Dalcetrapib Increases ‘Good’ HDL Cholesterol
Researchers from University Hospital Zurich in Switzerland have reported on findings nine months into a study into the effects of a drug called dalcetrapib. This is a pill still under development which aims to increase what is commonly known as good cholesterol. The nine month, mid stage studys results were encouraging because the good cholesterol, or HDL increased without increasing blood pressure or stopping the flow of blood to the blood vessels.
The study, funded by Roche, which involved 475 patients raised HDL levels by 31% in comparison to a placebo. HDL boosting drugs, such as torcetrapib, have previously been identified with increased blood pressure and an increased risk of heart attacks and death from heart disease so this study will alleviate these concerns.
Although only a mid stage study it does show promise. Study leader Thomas Luescher, MD, says “there were no toxic effects [with dalcetrapib]“. He further states, “I think we can say it is safe and has no untoward effects and it does the job as far as the [HDL cholesterol] profile is concerned.” However he accepts that this is still only a mid stage test and the effectiveness of dalcetrapib will not be known until the results from late stage studies are complete.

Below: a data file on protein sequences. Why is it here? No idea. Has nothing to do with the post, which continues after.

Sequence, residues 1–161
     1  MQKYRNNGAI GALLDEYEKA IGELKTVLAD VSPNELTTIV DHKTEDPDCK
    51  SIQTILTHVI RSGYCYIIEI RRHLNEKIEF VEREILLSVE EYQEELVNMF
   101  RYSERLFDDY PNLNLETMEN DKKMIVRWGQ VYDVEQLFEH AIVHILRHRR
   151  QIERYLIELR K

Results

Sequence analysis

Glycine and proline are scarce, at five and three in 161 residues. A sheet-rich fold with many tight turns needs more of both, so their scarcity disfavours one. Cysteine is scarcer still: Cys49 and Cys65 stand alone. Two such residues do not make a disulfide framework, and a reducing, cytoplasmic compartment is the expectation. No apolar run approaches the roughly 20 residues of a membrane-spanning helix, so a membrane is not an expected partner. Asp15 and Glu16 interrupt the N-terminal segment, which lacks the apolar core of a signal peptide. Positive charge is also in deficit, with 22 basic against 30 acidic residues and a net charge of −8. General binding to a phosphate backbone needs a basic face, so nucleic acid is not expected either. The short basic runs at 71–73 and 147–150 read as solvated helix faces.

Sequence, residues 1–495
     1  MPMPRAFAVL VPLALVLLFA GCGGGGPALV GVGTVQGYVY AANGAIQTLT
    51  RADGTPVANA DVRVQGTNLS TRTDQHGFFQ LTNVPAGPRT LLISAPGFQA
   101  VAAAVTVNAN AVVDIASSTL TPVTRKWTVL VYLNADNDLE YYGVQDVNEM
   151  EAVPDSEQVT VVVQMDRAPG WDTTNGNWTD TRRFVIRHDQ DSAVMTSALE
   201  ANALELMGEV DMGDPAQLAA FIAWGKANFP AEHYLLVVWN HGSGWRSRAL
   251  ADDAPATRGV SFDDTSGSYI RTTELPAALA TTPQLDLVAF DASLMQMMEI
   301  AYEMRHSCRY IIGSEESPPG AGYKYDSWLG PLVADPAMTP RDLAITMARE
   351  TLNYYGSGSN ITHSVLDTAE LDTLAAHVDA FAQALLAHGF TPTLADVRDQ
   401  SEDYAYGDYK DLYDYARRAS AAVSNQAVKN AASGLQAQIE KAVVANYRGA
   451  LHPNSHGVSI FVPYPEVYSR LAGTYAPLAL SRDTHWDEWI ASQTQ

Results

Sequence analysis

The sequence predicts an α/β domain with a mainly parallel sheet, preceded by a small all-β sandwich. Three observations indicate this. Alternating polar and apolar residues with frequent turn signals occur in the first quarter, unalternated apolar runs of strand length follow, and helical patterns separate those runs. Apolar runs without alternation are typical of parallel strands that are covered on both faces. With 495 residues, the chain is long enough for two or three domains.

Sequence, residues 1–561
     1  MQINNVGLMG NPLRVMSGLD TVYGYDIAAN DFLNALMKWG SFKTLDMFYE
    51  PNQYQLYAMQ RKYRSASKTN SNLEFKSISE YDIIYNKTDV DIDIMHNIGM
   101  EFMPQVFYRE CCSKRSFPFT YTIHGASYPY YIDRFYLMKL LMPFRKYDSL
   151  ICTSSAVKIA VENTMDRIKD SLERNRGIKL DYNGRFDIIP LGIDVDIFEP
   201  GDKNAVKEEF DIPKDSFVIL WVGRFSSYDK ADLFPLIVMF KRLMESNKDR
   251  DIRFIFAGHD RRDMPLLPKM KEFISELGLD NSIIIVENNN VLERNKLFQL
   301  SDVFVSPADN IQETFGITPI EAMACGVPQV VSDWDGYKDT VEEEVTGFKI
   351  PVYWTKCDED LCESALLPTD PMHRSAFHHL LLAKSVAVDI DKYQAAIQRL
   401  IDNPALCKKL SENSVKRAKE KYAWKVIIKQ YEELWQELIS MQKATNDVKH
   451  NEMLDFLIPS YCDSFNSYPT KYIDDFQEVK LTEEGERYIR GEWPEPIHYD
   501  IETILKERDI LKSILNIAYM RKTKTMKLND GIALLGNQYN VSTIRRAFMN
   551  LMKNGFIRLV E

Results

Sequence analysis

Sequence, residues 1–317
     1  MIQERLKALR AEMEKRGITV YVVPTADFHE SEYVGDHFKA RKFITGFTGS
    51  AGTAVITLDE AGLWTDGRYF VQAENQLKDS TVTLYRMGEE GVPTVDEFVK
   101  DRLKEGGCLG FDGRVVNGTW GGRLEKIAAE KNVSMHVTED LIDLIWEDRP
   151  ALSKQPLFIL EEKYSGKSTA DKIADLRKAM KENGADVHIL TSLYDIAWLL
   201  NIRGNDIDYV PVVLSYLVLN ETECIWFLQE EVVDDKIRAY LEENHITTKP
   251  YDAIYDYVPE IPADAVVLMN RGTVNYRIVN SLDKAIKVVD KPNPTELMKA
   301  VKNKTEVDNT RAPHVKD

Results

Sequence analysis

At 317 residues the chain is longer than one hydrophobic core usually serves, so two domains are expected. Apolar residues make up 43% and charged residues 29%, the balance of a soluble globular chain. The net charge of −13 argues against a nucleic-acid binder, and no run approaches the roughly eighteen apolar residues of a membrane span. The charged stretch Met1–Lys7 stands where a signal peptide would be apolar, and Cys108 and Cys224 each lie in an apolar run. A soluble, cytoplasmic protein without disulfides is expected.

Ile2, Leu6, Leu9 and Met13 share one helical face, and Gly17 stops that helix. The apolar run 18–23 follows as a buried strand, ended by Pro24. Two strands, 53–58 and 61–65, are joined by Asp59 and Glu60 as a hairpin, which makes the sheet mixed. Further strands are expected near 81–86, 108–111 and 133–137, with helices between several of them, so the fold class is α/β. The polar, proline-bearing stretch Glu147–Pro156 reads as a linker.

It will be at least two years before any benefits concerning dalcetrapib and a reduction in heart disease can be identified. Keith Fox, MD, who when addressing the European Society of Cardiology Congress 2011 stated that further research is required to prove whether increased levels of HDL will avert heart attacks and strokes. He also added that the studies have to include more patients for a longer time to prove that the drug is not dangerous over the long term.
Another report involving 130 patients, also presented to the meeting indicated that dalcetrapib slowed the progression of atherosclerosis, or fat build-up in blood vessel walls and caused no untoward effects in the patients.
Long-Term Data Needed
Dalcetrapib works by inhibiting a protein called CETP. This proteins role is to change good cholesterol into bad cholesterol. Torcetrapib worked in the same manner but addressed a different part of the protein. There is also a third drug being tested which works as a CETP blocker. It is called anacetrapib and works in the same manner as the other two drugs but focuses on yet another part of the protein.
Patients with coronary artery disease or with an increased risk of getting the disease took dalcetrapib or a placebo regularly over a period of nine months. At the end of nine months those taking dalcetrapib has increased their HDL levels on average from 39 mg/dL to 48 mg/dL. LDL, or bad cholesterol levels remained static.